From exclusive interviews with director Ken Russell and new interviews with cast, crew, and historians, comes this examination of the beautifully blasphemous film The Devils. Based on historical fact, this controversial 1971 film is about an oversexed priest and a group of sexually repressed nuns in 17th-century France and the ensuing trials and exorcisms that followed. Detailing the Production and the personalities of two of cinema’s great eccentrics, director Ken Russell and star Oliver Reed, Crouse delves deeper to explore the aftermath of the film. Chiefly, the question asked is How can a movie by one of the most famous filmmakers in the world end up banned, edited, and ignored by the company that owns it?
Richard Crouse is a film critic who hosted Reel to Real on the Independent Film Channel, In Short on Bravo, and is a frequent guest on many national Canadian radio and television shows. He is the author of The 100 Best Movies You’ve Never Seen, Reel Winners, and The Son of the 100 Best Movies You’ve Never Seen. He lives in Toronto.
"Bravo to the publisher ECW Press for putting out a companion book to a film that remains so elusive. . . . Crouse has perhaps created the definitive chronicle of Russell's masterwork. . . . For fans of Russell and The Devils, . . . Raising Hell is essential reading on an essential film." —Fangoria (December 2012)
"In this excellent book, Richard Crouse takes us back to the early 1970s, a period where Hollywood had jettisoned the Hays Code, a Depression-era list of no-nos for filmmakers, and unleashed a torrent of profanity, nudity, and graphic violence." —American Book Review
"An exhaustive, vivid and passionate account of one of the most powerful and transgressive films ever made. This is not only a great book, it's a necessary book." —Guillermo del Toro, film director, Hellboy and Pan's Labyrinth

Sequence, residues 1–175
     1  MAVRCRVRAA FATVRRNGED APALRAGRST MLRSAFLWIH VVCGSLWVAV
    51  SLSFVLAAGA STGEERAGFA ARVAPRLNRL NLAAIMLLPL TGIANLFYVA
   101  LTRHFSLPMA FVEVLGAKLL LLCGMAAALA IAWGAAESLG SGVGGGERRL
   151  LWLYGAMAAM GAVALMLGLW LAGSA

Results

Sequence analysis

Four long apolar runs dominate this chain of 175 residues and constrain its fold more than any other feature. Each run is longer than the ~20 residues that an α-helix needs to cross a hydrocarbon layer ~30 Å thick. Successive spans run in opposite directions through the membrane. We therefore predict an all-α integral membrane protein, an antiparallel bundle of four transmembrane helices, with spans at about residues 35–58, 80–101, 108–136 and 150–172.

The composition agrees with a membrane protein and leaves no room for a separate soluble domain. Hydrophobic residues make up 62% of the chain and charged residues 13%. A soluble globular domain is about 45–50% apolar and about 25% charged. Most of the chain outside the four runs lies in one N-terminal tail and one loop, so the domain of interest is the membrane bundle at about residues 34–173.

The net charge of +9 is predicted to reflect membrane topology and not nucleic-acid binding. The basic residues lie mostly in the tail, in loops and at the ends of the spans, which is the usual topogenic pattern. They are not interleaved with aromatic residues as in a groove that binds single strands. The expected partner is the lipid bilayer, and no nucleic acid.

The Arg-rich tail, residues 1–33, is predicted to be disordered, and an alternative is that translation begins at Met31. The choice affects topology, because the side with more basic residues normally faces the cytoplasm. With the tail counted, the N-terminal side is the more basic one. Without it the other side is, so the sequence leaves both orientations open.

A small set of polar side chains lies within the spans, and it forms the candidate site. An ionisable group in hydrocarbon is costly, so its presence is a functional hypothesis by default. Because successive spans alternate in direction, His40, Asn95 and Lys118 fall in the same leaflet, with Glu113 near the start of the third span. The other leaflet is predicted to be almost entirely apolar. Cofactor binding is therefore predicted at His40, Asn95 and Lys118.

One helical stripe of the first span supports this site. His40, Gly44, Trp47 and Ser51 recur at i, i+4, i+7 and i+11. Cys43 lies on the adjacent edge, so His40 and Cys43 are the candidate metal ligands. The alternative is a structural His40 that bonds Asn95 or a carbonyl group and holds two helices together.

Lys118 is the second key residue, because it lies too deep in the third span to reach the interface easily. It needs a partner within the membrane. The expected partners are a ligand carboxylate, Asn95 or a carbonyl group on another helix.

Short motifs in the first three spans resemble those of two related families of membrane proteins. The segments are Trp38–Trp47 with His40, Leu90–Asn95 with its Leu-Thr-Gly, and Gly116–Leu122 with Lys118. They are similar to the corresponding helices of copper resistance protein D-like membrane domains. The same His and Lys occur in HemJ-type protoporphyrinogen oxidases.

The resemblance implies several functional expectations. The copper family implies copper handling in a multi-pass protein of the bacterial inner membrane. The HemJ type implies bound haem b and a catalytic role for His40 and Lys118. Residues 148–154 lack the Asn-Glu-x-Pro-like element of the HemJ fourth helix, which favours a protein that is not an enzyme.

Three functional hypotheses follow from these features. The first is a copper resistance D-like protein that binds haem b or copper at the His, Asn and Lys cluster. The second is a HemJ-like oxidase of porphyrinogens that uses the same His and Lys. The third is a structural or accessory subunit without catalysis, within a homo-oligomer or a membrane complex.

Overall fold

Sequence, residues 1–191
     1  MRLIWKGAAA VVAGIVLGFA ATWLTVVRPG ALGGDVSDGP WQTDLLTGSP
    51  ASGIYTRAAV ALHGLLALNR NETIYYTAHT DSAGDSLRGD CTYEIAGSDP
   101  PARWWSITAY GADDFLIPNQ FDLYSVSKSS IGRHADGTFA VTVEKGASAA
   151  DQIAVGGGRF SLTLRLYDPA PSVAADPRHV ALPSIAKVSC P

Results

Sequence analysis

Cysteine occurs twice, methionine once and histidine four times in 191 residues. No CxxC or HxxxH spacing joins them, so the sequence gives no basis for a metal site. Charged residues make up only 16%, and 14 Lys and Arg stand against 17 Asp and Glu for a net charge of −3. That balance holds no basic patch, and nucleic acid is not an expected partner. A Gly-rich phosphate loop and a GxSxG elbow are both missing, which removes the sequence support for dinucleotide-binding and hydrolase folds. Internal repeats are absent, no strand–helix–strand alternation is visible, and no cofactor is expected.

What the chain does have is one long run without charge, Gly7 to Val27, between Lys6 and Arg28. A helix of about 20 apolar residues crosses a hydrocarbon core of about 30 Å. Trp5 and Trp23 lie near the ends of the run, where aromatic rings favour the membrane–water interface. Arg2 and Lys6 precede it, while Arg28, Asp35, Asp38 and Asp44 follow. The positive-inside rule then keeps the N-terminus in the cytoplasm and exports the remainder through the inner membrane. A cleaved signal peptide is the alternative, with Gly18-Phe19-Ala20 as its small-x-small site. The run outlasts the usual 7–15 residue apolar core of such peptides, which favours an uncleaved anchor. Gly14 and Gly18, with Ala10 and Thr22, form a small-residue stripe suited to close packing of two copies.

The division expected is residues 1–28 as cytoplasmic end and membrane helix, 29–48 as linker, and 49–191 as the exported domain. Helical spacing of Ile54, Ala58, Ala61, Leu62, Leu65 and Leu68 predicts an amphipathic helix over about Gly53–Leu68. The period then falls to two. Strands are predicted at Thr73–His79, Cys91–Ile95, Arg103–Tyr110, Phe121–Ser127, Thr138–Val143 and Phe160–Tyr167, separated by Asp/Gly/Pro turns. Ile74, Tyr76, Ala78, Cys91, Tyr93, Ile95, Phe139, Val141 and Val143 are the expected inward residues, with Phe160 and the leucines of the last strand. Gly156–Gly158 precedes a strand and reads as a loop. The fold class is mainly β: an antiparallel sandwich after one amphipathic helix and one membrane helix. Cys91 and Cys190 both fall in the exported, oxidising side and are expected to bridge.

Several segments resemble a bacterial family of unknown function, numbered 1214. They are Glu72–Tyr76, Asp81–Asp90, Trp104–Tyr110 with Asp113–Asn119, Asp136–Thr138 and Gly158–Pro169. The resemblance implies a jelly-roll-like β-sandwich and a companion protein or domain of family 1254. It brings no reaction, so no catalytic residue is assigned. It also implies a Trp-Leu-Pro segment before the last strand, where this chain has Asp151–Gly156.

"Reading this book was pure pleasure for me. It made me desperate to see Ken Russell's gorgeous, crazed epic again." —David Cronenberg, film director, The Fly and Naked Lunch
"In Raising Hell Richard Crouse has written an entertaining and informative account of Ken Russell and his adventures on The Devils. Russell remains an authentic and original voice in British cinema, and this is the funny and sad tale of the rise and fall and rise of one of his most controversial films." —John Landis, film director, The Blues Brothers
"The Devil is in the details, and to appreciate why so many filmmakers are possessed by Ken Russell's outrageous masterpiece, this book is a must." —Terry Gilliam, film director, 12 Monkeys and Fear and Loathing in Las Vegas
"Raising Hell is a book to satisfy fans and intrigue new viewers. Even if The Devils isn't your cup of tea, Crouse has created a fascinating portrait of the director's vision and the studio's lack of foresight." —www.PlanetFury.com
"Raising Hell is a case study in what transpires when religion and art collide, and it should be read as a cautionary tale in the current climate of culture wars and clashes of civilizations." —www.StevenWBeattie.com